Many incoming freshman set their sights on ambitious goals when they come to Fort Valley State University. For Randall Barnes of Macon, Georgia, who entered FVSU in the fall of 2015, those goals included becoming a White House Historically Black College and University (HBCU) All-Star. After he met an FVSU student who grew from the experience, Barnes set his sights on following suit. This year, he reached his goal, traveling to Washington, D.C. in September to participate with students from other HBCUs in the kick-off summit hosted by the White House Initiative on Historically Black Colleges and Universities.
White House HBCU All-Stars are appointed for one year to serve as ambassadors of the White House Initiative on HBCUs. The All-Stars reach out to fellow students to promote the value of education and build awareness of the initiative as a networking resource. Being chosen as an ambassador is a recognition of the scholarship, leadership, and civic engagement accomplishments of the undergraduate, graduate, and professional students selected for the honor.
One of the highlights of the trip in Washington D.C. for Barnes was visiting the Smithsonian National Museum of African American History and Culture. It was something he never thought he would do as a college student.
“It was transforming,” Barnes said. “It gave me more focus on what I want to be. I saw black culture. I saw hip hop represented. I saw different writers like James Baldwin. I said that I want to be here [one day] and know that I have the opportunity to make an impact on black America.”
Barnes said the museum made him more than ever want to be servant leader, to help not only students at Fort Valley State, but those around him as well. During his visit he also met the 20th U.S. Surgeon General, Dr. Jerome Adams and was able to view several well-known areas such as the Red Room and the Rose Garden.
In anticipation of his selection as an All-Star, Barnes became involved in all FVSU had to offer, especially within his major, media studies with a concentration in broadcasting. He also became involved in student government and became a more visible student leader. Barnes’ initiative includes assisting with Fort Valley State’s iHelp Center and FVSU’s Center for Retention Services to offer a mentoring program to incoming students.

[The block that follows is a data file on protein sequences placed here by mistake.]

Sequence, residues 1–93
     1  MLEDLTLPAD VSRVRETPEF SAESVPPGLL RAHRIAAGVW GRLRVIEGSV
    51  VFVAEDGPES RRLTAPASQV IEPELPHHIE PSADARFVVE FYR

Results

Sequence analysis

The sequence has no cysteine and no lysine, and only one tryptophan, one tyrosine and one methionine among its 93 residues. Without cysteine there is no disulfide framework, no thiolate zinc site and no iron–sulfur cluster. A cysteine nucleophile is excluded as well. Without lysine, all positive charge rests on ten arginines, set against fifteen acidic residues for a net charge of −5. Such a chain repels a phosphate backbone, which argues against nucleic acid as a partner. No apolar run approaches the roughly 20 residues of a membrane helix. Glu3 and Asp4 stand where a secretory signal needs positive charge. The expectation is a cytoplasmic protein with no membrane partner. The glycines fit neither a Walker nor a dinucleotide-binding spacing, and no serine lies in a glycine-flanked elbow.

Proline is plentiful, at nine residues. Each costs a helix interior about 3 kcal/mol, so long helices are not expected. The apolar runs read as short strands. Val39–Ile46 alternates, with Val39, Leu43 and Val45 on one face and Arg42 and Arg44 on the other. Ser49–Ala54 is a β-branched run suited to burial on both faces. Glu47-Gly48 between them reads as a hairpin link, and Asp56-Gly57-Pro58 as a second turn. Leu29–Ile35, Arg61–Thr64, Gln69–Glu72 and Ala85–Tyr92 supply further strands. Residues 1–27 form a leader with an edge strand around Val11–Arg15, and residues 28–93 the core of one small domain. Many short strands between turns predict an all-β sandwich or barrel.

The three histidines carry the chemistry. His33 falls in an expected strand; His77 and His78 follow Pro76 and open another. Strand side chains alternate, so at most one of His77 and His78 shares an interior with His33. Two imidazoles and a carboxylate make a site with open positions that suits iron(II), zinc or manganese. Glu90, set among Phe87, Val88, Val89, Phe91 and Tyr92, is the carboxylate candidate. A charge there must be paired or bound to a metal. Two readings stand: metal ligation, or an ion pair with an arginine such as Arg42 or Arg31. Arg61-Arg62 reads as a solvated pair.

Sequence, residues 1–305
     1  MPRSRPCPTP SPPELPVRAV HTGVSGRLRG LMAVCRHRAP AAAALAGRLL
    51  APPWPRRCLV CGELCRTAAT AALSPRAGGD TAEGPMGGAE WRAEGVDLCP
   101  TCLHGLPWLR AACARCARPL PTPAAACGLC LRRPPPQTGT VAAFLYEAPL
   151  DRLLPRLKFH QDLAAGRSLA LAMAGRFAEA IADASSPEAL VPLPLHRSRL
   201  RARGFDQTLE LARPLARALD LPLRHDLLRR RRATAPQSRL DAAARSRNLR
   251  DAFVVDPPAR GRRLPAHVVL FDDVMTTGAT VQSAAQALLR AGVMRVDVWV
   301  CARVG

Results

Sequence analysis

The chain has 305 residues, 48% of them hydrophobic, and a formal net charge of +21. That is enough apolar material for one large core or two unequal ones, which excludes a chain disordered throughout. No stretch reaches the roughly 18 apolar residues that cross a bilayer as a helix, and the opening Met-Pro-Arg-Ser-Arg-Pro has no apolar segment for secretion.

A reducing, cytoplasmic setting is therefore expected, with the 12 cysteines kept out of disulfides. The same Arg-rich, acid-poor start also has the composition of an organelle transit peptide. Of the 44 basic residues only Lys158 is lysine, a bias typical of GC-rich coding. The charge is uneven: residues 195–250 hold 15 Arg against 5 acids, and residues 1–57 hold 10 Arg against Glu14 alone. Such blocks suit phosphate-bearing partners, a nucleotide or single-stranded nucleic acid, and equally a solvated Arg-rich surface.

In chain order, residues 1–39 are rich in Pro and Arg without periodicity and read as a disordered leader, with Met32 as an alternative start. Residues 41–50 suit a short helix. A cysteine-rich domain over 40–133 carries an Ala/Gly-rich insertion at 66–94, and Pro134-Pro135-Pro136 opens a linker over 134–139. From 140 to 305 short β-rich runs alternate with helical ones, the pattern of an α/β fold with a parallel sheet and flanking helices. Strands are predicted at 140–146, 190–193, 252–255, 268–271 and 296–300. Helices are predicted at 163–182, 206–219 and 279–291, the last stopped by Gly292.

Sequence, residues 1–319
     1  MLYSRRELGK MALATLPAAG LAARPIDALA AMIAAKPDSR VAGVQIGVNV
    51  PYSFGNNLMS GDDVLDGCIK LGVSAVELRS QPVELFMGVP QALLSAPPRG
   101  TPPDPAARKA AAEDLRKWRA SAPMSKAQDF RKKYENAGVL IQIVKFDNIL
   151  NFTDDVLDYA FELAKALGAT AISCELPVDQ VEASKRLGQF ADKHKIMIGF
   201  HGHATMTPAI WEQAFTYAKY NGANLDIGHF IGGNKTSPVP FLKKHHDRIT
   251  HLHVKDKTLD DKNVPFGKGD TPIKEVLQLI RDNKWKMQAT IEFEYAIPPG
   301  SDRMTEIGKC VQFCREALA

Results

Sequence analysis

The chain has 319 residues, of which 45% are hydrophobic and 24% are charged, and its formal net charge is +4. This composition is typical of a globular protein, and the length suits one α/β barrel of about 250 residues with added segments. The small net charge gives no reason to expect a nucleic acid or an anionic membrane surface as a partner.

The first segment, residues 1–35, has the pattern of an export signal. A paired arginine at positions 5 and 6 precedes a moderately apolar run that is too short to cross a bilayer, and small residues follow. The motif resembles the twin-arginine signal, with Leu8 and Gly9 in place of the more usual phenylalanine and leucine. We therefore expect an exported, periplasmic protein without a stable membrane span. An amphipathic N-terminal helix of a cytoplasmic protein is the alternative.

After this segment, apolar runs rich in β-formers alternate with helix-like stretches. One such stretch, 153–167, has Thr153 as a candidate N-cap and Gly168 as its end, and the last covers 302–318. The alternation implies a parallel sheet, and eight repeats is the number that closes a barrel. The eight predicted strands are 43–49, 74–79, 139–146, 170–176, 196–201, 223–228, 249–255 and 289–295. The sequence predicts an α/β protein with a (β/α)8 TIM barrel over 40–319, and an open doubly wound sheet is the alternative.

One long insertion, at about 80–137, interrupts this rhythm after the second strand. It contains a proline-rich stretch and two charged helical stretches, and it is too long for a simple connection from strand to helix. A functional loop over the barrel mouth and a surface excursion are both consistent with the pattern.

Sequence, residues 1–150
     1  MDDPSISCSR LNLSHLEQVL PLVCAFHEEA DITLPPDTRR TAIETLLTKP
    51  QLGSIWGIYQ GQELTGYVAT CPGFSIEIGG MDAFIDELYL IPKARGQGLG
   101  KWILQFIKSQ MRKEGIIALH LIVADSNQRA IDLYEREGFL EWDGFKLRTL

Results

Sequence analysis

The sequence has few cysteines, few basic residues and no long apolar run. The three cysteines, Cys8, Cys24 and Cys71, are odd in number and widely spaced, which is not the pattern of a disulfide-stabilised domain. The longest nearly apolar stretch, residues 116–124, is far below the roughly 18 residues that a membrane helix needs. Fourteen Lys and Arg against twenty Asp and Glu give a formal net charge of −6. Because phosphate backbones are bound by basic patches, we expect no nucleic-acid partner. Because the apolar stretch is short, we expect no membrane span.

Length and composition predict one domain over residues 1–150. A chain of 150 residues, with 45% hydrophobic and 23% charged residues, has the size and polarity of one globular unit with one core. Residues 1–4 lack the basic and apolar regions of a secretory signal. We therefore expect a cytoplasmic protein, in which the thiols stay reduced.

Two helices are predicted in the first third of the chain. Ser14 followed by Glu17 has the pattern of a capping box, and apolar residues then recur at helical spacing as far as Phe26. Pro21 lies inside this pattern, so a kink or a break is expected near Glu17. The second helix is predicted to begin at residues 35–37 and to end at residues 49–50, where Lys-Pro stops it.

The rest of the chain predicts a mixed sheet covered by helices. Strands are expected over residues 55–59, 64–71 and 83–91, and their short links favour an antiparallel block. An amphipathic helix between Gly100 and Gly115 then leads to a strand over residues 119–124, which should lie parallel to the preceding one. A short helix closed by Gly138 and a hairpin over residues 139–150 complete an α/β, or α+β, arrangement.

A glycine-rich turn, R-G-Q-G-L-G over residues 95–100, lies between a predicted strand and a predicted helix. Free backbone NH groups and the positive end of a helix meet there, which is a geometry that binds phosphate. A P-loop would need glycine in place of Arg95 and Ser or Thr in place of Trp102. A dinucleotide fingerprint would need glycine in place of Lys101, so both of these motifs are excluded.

Becoming an HBCU All-Star requires more than inspiration and desire, however. The students are selected from a wide-range of applicants and are highly recommended from administrators. They have proven to be impressive beyond their résumés, transcripts and applications. Only six students were chosen from Georgia representing private and public HBCUs.
Barnes believes that his “razor-sharp” focus led him to our nation’s capital. In his required essay, he addressed his role in expanding communication about various activities and issues to numerous audiences including students, faculty and staff and the world outside of FVSU.
Meeting executives from national television networks was one of Barnes’s most surprising experiences. He is an avid promoter and can be often seen on the sidelines during FVSU events. He welcomed being part of a packed agenda of events, including fireside chats with BET and Aspire TV executives who discussed the importance of branding.
Though the group serve as ambassadors for the White House, HBCU All-Stars are bipartisan positions. During their year-long post, they cannot be political. Students are expected to strictly use their positions to spread news about programs to their fellow students and use their power and platform to effectively communicate change. Barnes said already he’s received news of programs and internships and is eagerly sharing them with faculty and students.
Visit White House Initiative on Historically Black Colleges and Universities for more details on the application process and becoming a 2018 HBCU All-Star.
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